As I am writing this, I am flying somewhere over the Mid-Atlantic States on my way to South Carolina. My cousin, Joe Ferrarese, just died at the age of 97. He is survived by his wife Palma who is 99 years of age. They have been married for over 72 years. They have four adult children.
Joe was in the Air Force and fought in World War II. He has a very interesting history that I only learned when we attended the funeral of his brother, Al, a number of years ago. He was always very circumspect about his accomplishments, but I managed to ask the right questions. After the War, he became a commercial pilot. Then, as a member of the FAA, he helped draft the airport protocols dealing with weather related dangers. He was active until only a few years ago. At that time, he was diagnosed as suffering from Parkinson’s and Alzheimer’s.
He always struck me as a very independent and intelligent member of my family. His humble silence about all that he did in his life spoke volumes to me about his personal dignity and prudence.
One day at a meal with my extended family, one of his children used the word ‘hate’ referring to the food. He calmly looked up from his plate and said, “Hate is a very strong word. You better be careful when you use it.” I must have been 5 or 6 at the time. It is still lodged in my mind both because of its wisdom and because of this era we live in where intemperate language is used all the time.
People jump to the use of the word racist, Nazi, fake, etc. It is a malady of both the political right and the political left. There is usually a less inflammatory expression one can use rather than tarnishing someone’s reputation. Once the word is out, you can never retrieve it. It does its harm and no one can heal a person’s name once he or she is called something.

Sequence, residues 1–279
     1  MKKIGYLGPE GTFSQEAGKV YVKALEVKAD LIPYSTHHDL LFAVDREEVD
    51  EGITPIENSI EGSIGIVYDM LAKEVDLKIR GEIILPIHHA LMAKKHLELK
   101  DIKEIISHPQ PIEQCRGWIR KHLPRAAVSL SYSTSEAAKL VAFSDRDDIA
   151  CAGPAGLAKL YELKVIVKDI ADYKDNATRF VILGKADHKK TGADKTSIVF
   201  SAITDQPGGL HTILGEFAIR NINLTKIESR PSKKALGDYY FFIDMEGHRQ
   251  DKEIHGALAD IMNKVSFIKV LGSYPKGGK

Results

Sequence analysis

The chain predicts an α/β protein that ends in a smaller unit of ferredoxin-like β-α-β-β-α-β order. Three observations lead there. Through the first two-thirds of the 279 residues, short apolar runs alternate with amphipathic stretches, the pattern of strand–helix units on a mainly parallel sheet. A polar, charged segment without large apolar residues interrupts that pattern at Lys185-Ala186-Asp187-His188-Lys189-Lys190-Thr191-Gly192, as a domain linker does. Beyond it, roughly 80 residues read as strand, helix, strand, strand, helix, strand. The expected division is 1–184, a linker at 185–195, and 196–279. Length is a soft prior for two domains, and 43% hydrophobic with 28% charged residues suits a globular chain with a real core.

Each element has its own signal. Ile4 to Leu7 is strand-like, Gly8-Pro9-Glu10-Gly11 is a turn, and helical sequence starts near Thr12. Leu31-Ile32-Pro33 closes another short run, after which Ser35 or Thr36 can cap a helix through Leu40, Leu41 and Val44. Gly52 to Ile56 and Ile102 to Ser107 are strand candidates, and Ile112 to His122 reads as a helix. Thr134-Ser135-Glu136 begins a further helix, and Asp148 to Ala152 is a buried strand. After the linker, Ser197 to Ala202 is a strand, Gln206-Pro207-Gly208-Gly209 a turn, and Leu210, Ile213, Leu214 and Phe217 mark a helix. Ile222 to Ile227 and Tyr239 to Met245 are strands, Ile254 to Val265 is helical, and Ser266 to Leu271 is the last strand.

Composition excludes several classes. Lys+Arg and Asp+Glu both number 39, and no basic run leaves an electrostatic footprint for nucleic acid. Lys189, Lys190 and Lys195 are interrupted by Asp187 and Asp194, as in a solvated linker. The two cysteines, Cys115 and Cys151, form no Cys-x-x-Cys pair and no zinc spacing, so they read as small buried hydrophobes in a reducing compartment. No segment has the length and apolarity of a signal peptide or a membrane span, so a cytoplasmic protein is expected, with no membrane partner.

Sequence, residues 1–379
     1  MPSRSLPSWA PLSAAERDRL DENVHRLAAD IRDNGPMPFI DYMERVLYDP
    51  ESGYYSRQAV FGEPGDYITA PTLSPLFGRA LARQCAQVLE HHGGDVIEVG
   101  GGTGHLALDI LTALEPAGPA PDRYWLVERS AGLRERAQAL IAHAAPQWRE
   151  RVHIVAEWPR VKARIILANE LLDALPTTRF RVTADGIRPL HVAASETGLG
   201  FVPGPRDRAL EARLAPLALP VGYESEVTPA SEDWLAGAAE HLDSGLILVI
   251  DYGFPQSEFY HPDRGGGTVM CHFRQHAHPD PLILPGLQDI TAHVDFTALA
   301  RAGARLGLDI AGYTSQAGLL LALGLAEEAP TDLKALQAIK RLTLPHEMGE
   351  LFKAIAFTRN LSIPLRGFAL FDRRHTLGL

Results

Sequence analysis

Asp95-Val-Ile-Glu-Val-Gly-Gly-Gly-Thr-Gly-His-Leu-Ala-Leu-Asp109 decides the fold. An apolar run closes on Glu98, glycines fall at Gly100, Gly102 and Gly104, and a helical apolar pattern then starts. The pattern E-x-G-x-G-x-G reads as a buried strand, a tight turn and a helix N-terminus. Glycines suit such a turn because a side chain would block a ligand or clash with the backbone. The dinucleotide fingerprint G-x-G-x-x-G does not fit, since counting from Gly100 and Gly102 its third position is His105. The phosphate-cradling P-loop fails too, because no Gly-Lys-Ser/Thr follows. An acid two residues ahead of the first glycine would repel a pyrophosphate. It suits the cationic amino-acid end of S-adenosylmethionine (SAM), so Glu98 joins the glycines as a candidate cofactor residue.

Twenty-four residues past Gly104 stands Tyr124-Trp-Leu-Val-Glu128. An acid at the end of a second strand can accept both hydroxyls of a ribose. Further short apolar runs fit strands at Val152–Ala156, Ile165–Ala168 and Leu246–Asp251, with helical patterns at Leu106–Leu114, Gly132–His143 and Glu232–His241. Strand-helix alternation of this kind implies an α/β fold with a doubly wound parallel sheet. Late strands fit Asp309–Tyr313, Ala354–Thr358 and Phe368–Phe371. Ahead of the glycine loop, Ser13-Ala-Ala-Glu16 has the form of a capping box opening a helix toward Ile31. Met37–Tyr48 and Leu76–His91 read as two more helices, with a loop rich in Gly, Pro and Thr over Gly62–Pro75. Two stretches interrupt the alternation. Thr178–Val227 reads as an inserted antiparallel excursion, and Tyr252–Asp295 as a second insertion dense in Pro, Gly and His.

Speaking a harming word is bad enough, but putting it in print, where it can hurt someone’s reputation in many instances and with many people, is so much more serious. Even worse: when it is in the virtual world of the internet where it can be viewed by millions! For when you put something online, it can never be retrieved since privacy on the internet is virtually (excuse the pun!) impossible.
Morally, we are responsible for every word we speak or write, both good and bad. If it is a harmful word, we can destroy someone. Some of the suicides among young people are connected with the vicious use of the internet by bullies who seek to denigrate and belittle them. In the hands of the immature, it can be lethal.
Hate speech and the use of technology to spread this venom is a serious moral issue. I believe that when it is done with full knowledge it can be a mortal sin, severing the relationship one has with Almighty God! There is nothing more serious in life.
This is true whether the information is true or false. Spreading something damaging about someone that is true is the sin of detraction. If it is false, it is the sin of slander. Both acts are acts of murder—the killing of someone’s reputation.
One often hears of the need for transparency. Such can be an important part of finding the truth. Certainly in issues that deal with finances or moral responsibilities, transparency is key and must be respected. I am not speaking of this, but of the normal dealings we have with one another. When we know something about someone that we want others to know or even when we feel we have to share things about ourselves that seem to be just as easily kept within a small circle of friends, do we have to be ‘transparent’? Do all people have a right to that knowledge? Is anything to be kept private anymore? Has Facebook changed reality?
What I am calling for is the virtue of prudence. Like my cousin in his instruction of one of his children, we have to carefully consider what we say or write so that no one is hurt, even unintentionally by a careless word. We can’t control those in public office or anyone for that matter; but we must control ourselves. Once the word is spoken with prudence, God makes it more effective.